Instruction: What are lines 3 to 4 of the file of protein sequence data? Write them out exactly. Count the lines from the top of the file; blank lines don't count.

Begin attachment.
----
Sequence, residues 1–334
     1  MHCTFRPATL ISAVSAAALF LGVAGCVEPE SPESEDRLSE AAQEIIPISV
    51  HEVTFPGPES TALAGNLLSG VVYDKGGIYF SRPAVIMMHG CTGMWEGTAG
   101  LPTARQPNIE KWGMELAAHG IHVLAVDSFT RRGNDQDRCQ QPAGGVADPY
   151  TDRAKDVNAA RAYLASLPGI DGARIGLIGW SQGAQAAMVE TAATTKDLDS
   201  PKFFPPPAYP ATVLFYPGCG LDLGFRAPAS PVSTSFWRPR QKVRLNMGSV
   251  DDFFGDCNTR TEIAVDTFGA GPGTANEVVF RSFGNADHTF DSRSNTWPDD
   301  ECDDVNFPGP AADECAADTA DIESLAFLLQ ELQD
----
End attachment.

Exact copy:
    51  HEVTFPGPES TALAGNLLSG VVYDKGGIYF SRPAVIMMHG CTGMWEGTAG
   101  LPTARQPNIE KWGMELAAHG IHVLAVDSFT RRGNDQDRCQ QPAGGVADPY